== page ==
Working out at work

Some exercises can ease the strain on the body of sitting at a desk all day

Health & Fitness

November 02, 2003|By Martha Thomas | Martha Thomas,Special to the Sun

Helen Rea can sit at her desk all day -- working on the computer or using the telephone -- without getting stiff. Her back is straight, her knees are bent at the optimum 90-degree angle and her shoulders are not slouched forward.

The Silver Spring resident, who manages the accounting for her husband's graphic design firm, sits on an exercise ball, which she says improves her balance and her strength.

"There's constant movement" sitting on the oversized plastic ball, she says.

If you sit at a desk all day in front of a computer, or have some other kind of sedentary job, there are ways to stay flexible, and even exercise, in the workplace. In fact, office fitness -- "deskercize," as it is known in some circles -- should be a regular part of the workday, according to health experts.

"Office fitness is very important," says Zachary Koutsandreas, vice president of Ergoworks Consulting, a Gaithersburg ergonomics firm. "If you are on the computer all day, it is critical that you stretch and loosen your arms and fingers before and during work."

Office fitness is in part about ergonomics -- preventing injury with proper alignment and stretches to counteract repetitive motions or static positions. But it's also a way of ensuring that those who sit at their desk all day don't counteract the hard work they put in at the gym.

"Don't sit in a chair for two hours at a time," Koutsandreas advises. "Get up and move every 30 to 40 minutes." He recommends desk exercises, including shoulder and neck rolls, and hand stretches.

Maryland's Council on Physical Fitness recently updated a poster showing a variety of exercises designed for the workplace. Judy Wilson, the council's acting director, says, "Stretching is very important; it helps with your posture, and can make a big difference in your comfort at work."

The exercises are simple and require no equipment. There are hand and wrist stretches, chair push-ups, calf stretches and chest presses, many of which can be done using your desk as a support.

Brenda Loube, president of Corporate Fitness Works, a Maryland company that operates health clubs in corporate settings and advises companies about employee fitness, points out that simple exercises done at work can reduce stress and prevent injury.

"The concept of deskercise boils down to ergonomics," Loube says. "The goal is to make sure that you are aligned perfectly to prevent stress on joints and muscles."

She also recommends taking frequent breaks throughout the day to stretch or to walk. Even those who are physically fit need to follow these guidelines. "Anyone who sits in the same position over time is going to have problems," Loube believes.

While office exercise won't lead to cardiovascular fitness, notes Steven Horwitz, chair of the Maryland Council on Physical Fitness, "you can definitely get stronger if you put in the time."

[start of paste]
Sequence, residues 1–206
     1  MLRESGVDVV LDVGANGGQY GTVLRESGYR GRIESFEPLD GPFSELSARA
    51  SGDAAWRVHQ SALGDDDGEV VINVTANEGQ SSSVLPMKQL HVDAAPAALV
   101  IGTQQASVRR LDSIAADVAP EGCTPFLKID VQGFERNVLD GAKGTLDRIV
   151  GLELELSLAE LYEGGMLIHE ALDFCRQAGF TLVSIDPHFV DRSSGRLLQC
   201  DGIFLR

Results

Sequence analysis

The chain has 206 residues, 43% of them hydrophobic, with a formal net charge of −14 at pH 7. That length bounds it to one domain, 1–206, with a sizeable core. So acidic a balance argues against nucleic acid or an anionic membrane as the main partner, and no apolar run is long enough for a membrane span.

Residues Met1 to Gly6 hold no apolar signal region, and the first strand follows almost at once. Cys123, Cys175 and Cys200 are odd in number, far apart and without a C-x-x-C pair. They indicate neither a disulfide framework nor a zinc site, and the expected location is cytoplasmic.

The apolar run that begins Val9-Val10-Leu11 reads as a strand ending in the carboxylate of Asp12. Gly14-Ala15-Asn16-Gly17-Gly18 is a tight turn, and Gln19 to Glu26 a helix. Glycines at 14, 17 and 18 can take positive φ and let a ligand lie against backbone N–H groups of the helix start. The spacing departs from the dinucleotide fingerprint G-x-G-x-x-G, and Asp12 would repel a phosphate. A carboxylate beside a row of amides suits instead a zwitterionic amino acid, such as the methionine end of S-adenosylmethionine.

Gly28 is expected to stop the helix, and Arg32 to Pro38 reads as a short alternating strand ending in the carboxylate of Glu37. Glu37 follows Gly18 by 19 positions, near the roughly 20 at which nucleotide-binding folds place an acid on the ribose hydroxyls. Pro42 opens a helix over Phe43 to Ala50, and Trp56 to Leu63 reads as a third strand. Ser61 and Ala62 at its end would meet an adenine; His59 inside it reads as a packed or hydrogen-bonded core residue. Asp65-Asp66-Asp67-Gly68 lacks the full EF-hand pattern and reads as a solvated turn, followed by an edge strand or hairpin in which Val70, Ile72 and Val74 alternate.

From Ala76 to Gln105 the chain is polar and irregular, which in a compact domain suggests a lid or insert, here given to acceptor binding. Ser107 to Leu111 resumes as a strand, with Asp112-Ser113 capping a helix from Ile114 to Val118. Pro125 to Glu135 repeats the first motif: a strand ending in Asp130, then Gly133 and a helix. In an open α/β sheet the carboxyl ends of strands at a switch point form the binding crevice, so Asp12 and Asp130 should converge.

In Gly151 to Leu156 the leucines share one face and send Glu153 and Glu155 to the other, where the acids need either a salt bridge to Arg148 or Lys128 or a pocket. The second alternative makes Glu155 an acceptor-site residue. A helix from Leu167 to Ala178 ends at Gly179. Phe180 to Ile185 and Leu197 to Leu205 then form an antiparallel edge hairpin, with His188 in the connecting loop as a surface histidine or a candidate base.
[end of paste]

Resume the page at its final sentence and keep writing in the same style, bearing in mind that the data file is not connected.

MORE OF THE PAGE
Horwitz, a chiropractor who practices in Bethesda and Silver Spring, suggests stopping for five minutes every hour or so for a mini strength-training break: "Do knee bends at 10, desk pushups at noon and shoulder presses with a stack of books at 3."

Your body "isn't happy" when you sit for long hours, Horwitz says: "When people sit, they put 40 percent more stress on the disks in their back than when standing," and "if you're leaning forward, it's 80 percent more."

Office equipment -- such as telephone headsets, wrist pillows for computer keyboards and ergonomically correct chairs -- can help counteract pain and prevent injury, say the experts, but some responsibility also lies with the employee.

"You can have the best chair in the world," said Ergoworks' Koutsandreas, "but if you don't stop and take rest and exercise breaks, you are going to have low back problems."

Exercises to try

The Maryland Council on Physical Fitness recently revised a poster detailing exercises designed for the workplace. For a free copy of the poster, contact the Maryland Department of Health and Mental Hygiene, at 410-767-5046, or visit the Web site www.fha.state.md.us / cpf.

The council warns that "individuals with chronic medical problems, high blood pressure or back and shoulder pain should consult their physician prior to performing any office exercises."

Here are a few examples from the poster:

Chest press: Strengthens upper body

* Hands on desk at arms length, shoulder-width apart. Bend knees slightly, keep head straight, and buttocks tucked. Bend elbows until chest is a few inches from the desk, return to starting position.

Calf stretch: Stretches back of leg and calf

* Lean against wall, bend one leg forward and extend the other leg back with knee slightly bent, heel on the floor. Hold the stretch. Repeat on the other side.

Hand and wrist exercise: Stretches forearm

* Straighten your arm in front of you. Bend your wrist back so that your fingers point toward the ceiling. With your other hand, gently pull your fingers, bending your wrist back a little further. Repeat on the other side.

Baltimore Sun Articles
|
|
|
Please note the green-lined linked article text has been applied commercially without any involvement from our newsroom editors, reporters or any other editorial staff.